The best solution i've seen is the drill guide that indexes off of the exhaust port. It allows you to precisely drill the center of the stud and pick out the remaining threads. So after clearing out the broken extractor with the bit, the drill guide does a great job of removing the rest of the broken stud

https://www.stomskiracing.com/products/exhaust-head-stud-repair-kit

But I totally recognize that tool is quite expensive. A lot of folks around here are willing to lend out their tools so all we have to do is ask here on the technical forum or post a want-to-borrow thread on the engine rebuild forum or the classified ads
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Old 01-12-2018, 09:02 AM
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Quote:
Originally Posted by KTL View Post
That's definitely a nice tool to add to the drill & grind collection. Thanks for sharing!

But I have to ask, why did you keep breaking the studs? It's been posted on the forum so many times that the studs/nuts need to be heated super red hot to get the nuts off w/out breaking the studs.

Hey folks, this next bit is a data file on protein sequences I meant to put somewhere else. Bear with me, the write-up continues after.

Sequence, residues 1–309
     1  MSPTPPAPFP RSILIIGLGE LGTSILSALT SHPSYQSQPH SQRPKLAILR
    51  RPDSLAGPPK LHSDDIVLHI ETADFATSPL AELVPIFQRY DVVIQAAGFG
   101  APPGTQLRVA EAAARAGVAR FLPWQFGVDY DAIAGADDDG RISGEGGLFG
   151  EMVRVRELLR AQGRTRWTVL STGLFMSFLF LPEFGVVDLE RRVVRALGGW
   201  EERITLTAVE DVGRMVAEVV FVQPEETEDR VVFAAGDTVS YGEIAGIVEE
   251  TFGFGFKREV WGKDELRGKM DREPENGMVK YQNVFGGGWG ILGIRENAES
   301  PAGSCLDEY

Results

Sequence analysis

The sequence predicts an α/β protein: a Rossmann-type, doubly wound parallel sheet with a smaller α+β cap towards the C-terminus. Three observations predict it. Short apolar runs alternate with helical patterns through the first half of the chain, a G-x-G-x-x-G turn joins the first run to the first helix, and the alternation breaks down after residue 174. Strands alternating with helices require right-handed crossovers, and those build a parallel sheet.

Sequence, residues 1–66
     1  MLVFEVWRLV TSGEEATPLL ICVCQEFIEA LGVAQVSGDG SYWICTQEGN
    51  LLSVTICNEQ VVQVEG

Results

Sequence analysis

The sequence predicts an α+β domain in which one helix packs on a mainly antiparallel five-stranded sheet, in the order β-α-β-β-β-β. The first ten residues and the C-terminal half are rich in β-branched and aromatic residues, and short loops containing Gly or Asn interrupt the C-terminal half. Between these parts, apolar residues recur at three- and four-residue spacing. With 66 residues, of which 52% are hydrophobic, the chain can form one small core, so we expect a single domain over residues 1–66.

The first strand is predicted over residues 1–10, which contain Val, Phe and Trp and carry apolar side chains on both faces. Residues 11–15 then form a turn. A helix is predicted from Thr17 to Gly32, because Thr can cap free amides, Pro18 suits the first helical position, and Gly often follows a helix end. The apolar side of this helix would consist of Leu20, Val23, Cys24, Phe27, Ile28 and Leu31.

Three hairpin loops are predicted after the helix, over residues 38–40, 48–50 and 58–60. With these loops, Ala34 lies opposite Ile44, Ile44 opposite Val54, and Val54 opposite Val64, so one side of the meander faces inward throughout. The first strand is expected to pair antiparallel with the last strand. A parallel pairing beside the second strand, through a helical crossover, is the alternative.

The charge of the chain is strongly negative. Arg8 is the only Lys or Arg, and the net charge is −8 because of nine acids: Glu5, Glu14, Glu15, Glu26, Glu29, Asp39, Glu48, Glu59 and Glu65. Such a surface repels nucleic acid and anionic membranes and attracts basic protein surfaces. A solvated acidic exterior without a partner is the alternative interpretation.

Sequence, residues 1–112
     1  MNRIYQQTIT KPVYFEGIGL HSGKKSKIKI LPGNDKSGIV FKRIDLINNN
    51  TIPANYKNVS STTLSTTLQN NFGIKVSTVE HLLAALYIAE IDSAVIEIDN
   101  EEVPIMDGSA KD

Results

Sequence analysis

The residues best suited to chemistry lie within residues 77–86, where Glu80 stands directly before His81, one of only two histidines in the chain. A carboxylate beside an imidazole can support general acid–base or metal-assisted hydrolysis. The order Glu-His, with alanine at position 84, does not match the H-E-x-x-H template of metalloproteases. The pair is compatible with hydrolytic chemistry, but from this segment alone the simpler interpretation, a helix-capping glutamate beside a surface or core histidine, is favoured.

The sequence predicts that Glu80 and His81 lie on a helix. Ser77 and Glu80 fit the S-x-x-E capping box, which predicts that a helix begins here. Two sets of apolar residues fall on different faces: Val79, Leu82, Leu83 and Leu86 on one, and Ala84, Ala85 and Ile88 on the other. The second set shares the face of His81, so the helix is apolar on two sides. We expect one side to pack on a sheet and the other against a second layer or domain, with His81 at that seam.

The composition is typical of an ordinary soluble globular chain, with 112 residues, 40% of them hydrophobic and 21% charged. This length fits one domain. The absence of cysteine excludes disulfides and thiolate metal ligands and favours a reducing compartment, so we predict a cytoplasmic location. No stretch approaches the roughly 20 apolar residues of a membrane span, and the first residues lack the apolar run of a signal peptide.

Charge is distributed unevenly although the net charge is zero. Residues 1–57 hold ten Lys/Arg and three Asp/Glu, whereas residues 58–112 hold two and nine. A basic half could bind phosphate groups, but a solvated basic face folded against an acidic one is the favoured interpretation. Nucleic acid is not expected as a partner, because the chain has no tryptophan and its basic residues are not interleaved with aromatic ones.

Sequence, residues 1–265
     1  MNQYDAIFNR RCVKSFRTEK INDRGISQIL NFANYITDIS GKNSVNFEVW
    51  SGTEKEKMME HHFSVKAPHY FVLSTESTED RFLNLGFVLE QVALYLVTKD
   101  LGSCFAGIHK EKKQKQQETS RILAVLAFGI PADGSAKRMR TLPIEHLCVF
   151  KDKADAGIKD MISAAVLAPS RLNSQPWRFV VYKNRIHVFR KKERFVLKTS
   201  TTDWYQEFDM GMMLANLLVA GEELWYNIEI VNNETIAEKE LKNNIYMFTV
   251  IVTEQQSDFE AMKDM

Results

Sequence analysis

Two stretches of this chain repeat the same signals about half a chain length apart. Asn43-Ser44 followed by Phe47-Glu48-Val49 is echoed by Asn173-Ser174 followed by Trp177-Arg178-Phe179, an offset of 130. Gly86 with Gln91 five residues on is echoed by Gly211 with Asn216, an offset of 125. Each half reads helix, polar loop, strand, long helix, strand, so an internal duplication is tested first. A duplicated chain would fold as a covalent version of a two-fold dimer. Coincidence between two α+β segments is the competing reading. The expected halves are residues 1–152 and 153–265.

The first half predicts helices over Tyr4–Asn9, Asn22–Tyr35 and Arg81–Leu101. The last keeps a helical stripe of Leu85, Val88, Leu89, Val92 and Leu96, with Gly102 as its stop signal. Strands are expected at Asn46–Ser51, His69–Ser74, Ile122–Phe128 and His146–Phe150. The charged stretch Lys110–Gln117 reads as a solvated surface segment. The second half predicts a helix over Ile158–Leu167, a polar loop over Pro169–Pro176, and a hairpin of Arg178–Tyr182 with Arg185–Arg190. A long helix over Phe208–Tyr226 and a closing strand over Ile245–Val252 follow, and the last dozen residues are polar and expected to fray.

This bit is for sure a really nice way to get us out of a pickle if something like an extractor is broken. But does it really help save the hole? I suppose if you're really careful and patient you can open up the hole with the bit and try to salvage the threads. But I feel like it's really hard to be precise with that approach and some threads are going to get damaged.

The best solution i've seen is the drill guide that indexes off of the exhaust port. It allows you to precisely drill the center of the stud and pick out the remaining threads. So after clearing out the broken extractor with the bit, the drill guide does a great job of removing the rest of the broken stud

https://www.stomskiracing.com/products/exhaust-head-stud-repair-kit

But I totally recognize that tool is quite expensive. A lot of folks around here are willing to lend out their tools so all we have to do is ask here on the technical forum or post a want-to-borrow thread on the engine rebuild forum or the classified ads

Excellent question.
I did heat mine red hot, followed every single instruction, watched so many videos.
Mine were rusted in the middle so much that slightest turn broke them.
Once they broke, the 10mm that was sticking out i tried to remove with stud remove and broke again. The studs felt "welded" like.